Utopian Architecture as an investigative framework produces a slew of responses, from the romantic to the reactionary. What is habitation in any of these ideological strongholds? How do sensory experiences, historical expectations, and biological needs ground or limit our desires for making place? What do these look like? What does it mean to be dislocated?

If habitation means to be in place, then The Border journey was precisely about the permeable territory between dislocations. This conceptual framework began with a trip south, to the boot heel of New Mexico and Southeastern Arizona to spend five days along the US/Mexico border fence with photographer David Taylor and US Border Patrol Agents. Hiking, driving and scouring the border for “sign,” smugglers, lay-ups, artifacts, and border monuments, our query induced shadows of self and other. On the last day, everyone wandered the border fence in search of proximity. Projects along the massive steel fence, like Nina Dubois’s lean-to, attempted to locate a bodily presence in the margin and puncture its delineation through giving shelter and creating connections.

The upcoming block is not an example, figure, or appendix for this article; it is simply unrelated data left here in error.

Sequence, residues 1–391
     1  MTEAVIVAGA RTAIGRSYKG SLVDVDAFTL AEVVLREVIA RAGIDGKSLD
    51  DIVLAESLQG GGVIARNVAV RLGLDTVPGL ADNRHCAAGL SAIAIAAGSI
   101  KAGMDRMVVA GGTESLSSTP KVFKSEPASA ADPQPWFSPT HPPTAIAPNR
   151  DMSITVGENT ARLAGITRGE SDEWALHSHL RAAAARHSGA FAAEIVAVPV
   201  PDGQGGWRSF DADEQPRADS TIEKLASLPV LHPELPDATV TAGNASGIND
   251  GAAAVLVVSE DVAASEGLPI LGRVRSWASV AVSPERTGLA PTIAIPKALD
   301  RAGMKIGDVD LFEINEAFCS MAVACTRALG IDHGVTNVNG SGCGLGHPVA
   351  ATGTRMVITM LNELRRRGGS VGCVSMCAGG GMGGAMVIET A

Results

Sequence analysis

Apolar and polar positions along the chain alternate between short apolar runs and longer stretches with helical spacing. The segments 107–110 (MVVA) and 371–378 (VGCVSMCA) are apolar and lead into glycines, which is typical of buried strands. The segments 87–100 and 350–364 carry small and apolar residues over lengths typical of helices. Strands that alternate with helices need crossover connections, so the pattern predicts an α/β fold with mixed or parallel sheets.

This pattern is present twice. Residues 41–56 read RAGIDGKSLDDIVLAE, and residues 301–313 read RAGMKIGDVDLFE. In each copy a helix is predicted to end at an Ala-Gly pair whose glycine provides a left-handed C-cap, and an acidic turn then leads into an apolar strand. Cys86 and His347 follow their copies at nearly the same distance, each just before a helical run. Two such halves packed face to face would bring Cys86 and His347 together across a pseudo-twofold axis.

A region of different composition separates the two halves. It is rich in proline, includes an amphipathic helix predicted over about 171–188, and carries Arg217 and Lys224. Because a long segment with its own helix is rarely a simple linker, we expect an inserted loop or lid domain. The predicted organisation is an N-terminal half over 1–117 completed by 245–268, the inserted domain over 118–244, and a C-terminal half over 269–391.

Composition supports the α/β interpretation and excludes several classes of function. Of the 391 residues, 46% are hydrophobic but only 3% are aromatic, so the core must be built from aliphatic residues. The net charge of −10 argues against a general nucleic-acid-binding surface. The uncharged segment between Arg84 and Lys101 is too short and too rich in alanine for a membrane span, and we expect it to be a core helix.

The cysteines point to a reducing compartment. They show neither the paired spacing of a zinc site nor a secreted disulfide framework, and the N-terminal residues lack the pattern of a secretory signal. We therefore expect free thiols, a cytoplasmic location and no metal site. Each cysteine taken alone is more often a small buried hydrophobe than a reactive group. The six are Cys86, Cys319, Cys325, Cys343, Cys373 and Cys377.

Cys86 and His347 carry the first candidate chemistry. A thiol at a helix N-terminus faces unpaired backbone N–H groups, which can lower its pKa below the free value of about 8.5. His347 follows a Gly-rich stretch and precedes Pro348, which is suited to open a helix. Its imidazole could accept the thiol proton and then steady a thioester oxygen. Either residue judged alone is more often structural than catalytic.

Crossing the boundary into Mexico, the road took us through military check points where automatic weapons pointed at us from tripods. Our destination was far from the border – a village called Juan Mata Ortiz, where Hector and Graciela Gallegos would show us how to dig clay, process it, hand-build pots, finish surfaces, and paint with mineral pigments. We then fired them under a galvanized metal tub with bark and cow dung.

In Juan Mata Ortiz, art is a craft of skill, identity, history, and the future. It is literally the boundary between several worlds, where economics, labor, culture, and creativity intermesh. Yet, the border is still explicit. These objects have no life without flow, and as violence and security has increased on the border, the exchange between US currency and pottery has slowed, shifting the possibilities of how art objects and the artists who make them influence and are influenced by the contingencies of history.

Crossing back into the US, our Border investigation was winding down. After a brief hiatus into the Gila Wilderness for individual explorations and work time along the river, we headed to Barrio Buena Vista in El Paso, Texas – our final stop.